Page:Notes and Queries - Series 11 - Volume 11.djvu/45

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ii s. XL JAN. 9, 1915.] NOTES AND QUERIES.


35


"BORSTAL" (11 S. x. 488; xi. 13). The E.D.D.,' s.v. 'Borstal,' says the O.E. nam< was Borhsteall, and refers to Earle's * Charters < Glossary). The meaning is "a pathway up a steep hill." " Borstal, near Rochester owes its name evidently to its situation ai the foot of the * borstal ' leading up to the downs." The ' N.E.D.,' s.v. ' Borstall, states " ? from O.E. beorh, a hill -f O.E stigel. But the explanation * seat on the side or pitch of a hill,' given by Bishop Kennett (see Halliwell), suggests beorh-steall." The quotations give the word the same meaning as in the 'E.D.D.'

I have not succeeded in finding Bishop Kennett's explanation in his ' Parochia Antiquities of Ambrosden,' &c., but at vol. i p. 70 he gives the derivation as follows :

"It is to this prince [Edward the Confessor and to his diversion at this seat [Brill, co. Bucks_ that we must ascribe the traditional story of the family of Nigel, and the manor of Borstall on the edge of the said forest [of Bernwood]. Most part of the tradition is confirmed by good authority, and runs to this effect. The forest of Bernwood was much infested by a wild boar, which was at last slain by one Nigel a huntsman, who presented the boar's head to the King, and for a reward the King gave to him one hide of arable land called Derehyde, and a wood called Hule- wode, with the custody of the forest of Bernwood to hold to him and his heirs from the King, &c. &c. Upon this ground the said Nigel built a lodge or mansion house called Borestalle, in memory of the slain boar."

Unfortunately for this etymology, the O.E. word for boar was erf or, which still survives in the place-names of Eversley, Evercreech, Evershot, &c., and the local name "ever- fern," given to Polypodium vulgare and to Osmunda regalis.

The parish of Boarstall in N. Bucks lies at the foot of a steep hill, and so the deriva- tion given in ' E.D.D.' applies equally well to it as to Borstal, near Rochester.

C. W. FlREBRACE.

HUMAN FAT AS A MEDICINE (US. ix. 70, 115, 157, 195, 316; x. 176, 234). This is in, ' Supplement d' ^Esculape,' Paris, Novem- bre, 1911, I. xx:

" L'Opotherapie sous le Grand Roi. On em- ployait aussi la graisse humaine. L'apothicaire Pierre Ponet vante ses produits en ces termes :

" ' Nous vendons de 1'axonge humaine que nous faisons venir de divers endroits ; mais comme chacun sait qu'4 Paris le maftre des hautes- ceuvres en vend & ceux qui en ont besoin, c'est le sujet pour lequel les droguistes et apothicaires n en vendent que tres peu. Neanmoins, celle que nous pourrions yendre ayant e"te" pre"par6e avec des herbes aromatiques, serait, sans comparaison, meilleure que celle qui sort des mains de 1'exe- cuteur . . . . '


" Dans toutes ces applications, on retro uve toujours le meme principe g^n^ral r6sum par Daniel Becker (1662) :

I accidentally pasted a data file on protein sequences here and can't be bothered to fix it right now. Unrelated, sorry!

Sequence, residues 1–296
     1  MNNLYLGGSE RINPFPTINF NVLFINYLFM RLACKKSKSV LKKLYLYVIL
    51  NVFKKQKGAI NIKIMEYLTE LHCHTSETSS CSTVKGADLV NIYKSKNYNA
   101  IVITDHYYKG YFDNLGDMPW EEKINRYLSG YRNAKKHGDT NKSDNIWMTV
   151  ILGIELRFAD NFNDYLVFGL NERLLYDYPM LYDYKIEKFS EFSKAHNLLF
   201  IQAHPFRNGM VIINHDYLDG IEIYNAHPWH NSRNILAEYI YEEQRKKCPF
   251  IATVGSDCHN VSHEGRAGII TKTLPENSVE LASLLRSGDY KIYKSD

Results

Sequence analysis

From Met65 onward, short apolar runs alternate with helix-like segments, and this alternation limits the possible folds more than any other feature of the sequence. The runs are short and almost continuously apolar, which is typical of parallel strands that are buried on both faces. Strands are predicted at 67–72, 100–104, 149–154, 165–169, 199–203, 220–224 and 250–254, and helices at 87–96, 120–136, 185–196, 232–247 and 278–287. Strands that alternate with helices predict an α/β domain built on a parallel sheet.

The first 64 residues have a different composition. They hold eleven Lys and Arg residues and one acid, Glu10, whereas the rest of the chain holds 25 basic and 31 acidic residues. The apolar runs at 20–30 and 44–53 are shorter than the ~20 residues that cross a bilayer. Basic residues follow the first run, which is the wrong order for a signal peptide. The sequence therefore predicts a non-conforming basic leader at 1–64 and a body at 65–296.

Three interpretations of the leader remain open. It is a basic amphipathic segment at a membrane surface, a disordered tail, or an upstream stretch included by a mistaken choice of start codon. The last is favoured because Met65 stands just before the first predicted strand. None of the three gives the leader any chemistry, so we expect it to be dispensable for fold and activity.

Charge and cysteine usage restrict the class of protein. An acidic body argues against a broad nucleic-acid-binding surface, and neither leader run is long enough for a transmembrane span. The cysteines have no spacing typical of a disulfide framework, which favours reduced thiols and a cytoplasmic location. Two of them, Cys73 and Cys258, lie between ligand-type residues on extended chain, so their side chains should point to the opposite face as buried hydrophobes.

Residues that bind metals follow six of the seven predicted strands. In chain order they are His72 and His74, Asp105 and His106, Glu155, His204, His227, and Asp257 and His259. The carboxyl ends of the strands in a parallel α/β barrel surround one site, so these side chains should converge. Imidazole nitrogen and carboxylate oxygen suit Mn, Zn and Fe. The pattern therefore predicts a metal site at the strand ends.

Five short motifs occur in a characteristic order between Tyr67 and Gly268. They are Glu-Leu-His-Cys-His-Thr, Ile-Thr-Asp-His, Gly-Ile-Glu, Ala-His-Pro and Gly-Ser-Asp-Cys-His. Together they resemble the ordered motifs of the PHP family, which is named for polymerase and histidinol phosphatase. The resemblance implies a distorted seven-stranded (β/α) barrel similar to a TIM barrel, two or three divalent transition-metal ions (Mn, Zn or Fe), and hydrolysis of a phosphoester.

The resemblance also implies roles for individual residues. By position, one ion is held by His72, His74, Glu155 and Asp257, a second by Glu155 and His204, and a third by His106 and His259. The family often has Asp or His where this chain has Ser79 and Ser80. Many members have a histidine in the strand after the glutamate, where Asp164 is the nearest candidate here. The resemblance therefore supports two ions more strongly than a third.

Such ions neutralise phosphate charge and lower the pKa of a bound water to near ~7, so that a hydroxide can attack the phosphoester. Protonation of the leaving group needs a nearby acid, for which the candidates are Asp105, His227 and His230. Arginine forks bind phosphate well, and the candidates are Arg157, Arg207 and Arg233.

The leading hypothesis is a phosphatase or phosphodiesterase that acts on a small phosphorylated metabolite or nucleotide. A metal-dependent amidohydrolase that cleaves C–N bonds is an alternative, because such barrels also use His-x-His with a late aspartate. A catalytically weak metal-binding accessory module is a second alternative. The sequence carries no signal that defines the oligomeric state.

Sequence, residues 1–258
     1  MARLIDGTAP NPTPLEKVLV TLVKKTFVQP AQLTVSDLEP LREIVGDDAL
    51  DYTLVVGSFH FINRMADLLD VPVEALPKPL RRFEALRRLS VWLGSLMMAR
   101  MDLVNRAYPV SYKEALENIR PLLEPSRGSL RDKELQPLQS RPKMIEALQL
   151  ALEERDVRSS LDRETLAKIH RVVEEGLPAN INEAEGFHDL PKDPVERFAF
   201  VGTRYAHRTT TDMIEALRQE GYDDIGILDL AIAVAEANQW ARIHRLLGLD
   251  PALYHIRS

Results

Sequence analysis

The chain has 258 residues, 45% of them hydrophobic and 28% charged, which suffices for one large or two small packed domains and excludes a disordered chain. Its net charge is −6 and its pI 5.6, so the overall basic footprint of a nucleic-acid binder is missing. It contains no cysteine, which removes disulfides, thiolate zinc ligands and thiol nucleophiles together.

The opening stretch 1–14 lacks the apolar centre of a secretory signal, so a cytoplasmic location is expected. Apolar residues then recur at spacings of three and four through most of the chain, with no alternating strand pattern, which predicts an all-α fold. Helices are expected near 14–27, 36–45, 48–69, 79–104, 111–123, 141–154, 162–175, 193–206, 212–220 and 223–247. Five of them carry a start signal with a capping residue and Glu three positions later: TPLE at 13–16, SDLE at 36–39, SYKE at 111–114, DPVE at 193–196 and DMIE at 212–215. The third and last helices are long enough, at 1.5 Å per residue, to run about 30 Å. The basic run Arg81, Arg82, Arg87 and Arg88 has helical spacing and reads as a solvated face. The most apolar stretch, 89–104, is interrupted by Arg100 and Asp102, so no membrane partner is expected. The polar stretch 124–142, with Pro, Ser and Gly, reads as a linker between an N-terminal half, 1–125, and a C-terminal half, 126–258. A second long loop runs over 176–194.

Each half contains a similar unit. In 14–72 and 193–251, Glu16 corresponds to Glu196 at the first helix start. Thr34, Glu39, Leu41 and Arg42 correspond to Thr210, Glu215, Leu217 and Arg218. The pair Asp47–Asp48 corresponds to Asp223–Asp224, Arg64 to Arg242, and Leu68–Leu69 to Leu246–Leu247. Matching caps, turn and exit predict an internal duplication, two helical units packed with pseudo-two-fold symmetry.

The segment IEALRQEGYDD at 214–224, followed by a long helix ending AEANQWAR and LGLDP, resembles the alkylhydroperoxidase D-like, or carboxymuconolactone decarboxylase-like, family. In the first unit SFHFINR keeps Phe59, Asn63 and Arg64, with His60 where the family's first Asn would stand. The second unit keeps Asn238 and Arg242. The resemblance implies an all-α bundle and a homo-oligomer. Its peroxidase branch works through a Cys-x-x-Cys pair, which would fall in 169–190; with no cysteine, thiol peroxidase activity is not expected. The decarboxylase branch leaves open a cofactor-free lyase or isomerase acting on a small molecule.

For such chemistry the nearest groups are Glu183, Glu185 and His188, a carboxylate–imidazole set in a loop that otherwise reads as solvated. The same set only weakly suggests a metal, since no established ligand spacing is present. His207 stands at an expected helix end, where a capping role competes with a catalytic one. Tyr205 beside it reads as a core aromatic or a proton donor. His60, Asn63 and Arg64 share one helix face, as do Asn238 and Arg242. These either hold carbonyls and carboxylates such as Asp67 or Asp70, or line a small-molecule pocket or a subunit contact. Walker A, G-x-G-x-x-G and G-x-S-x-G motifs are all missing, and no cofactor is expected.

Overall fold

" ' La belle et divine harmonie qui se trouve entre les parties, par laquelle un membre est propre a soulager le mSme membre et les memes parties, prouve combien il est Evident et certain qu'on peut tirer de tres grands remedes du corps humain, les choses semblables e"tant conserves par leurs semblables.' "

ROCKINGHAM.

Boston, Mass.

AUTHORS OF QUOTATIONS WANTED :

" OVER THE HILLS AND FAR AWAY " (U.S.

x. 468, 515; xi. 17). If my recollection of school-days sixty years ago is reliable, the last two lines of the verse quoted by C. C. B. at the second reference ran : And th' only tune that I could play Was " Nix my dolly, pals, fake away."

The mystic words were regarded with so much suspicion at home that, by parental emendation, " Over the hills and far away " was substituted. A. T. W.

"FORWHY" (11 S. x. 509), The REV J. B. McGovERN's memory must have played him false for a moment ; it can scarcely be the fact that this expression is " new " to him, since it occurs twice (with a note of interrogation) in the Prayer Book version of the Psalms (see Psalms xvi. and cv.), and is fairly common in old writers. He must, too, surely bo familiar with it in Kethe's version of the hundredth Psalm, "For why? the Lord our God is good." Frequently it does not require the note of in- terrogation, meaning simply " because " ; but the interrogative use seems, according to the ' N.E.D.,' to be earlier, and it is as an in- terrogative, direct or indirect, that I am most familiar with it in the dialects of the Midland Counties. There are several capital nstances of its use in Aldis Wright's ' Bible Word Book,' including one from Shake- speare. The one that first struck me, in print, some sixty years ago, occurred, if I remember rightly, in a specimen of "bouts rimes " in Chambers' s Journal :

I sits with my ;toes : in a brook, And if any one asks me for why,

I hits 'em a rap with my crook, And 'tis sentiment kills 'em, says I.

This must be fairly modern. I quote it rom memory, not having seen the original or more than half a century. C. C. B.

The expression can hardly be new to the . J. B. McGovERN, for it must very often mve been upon his lips in singing the fourth of the ' Old Hundredth.'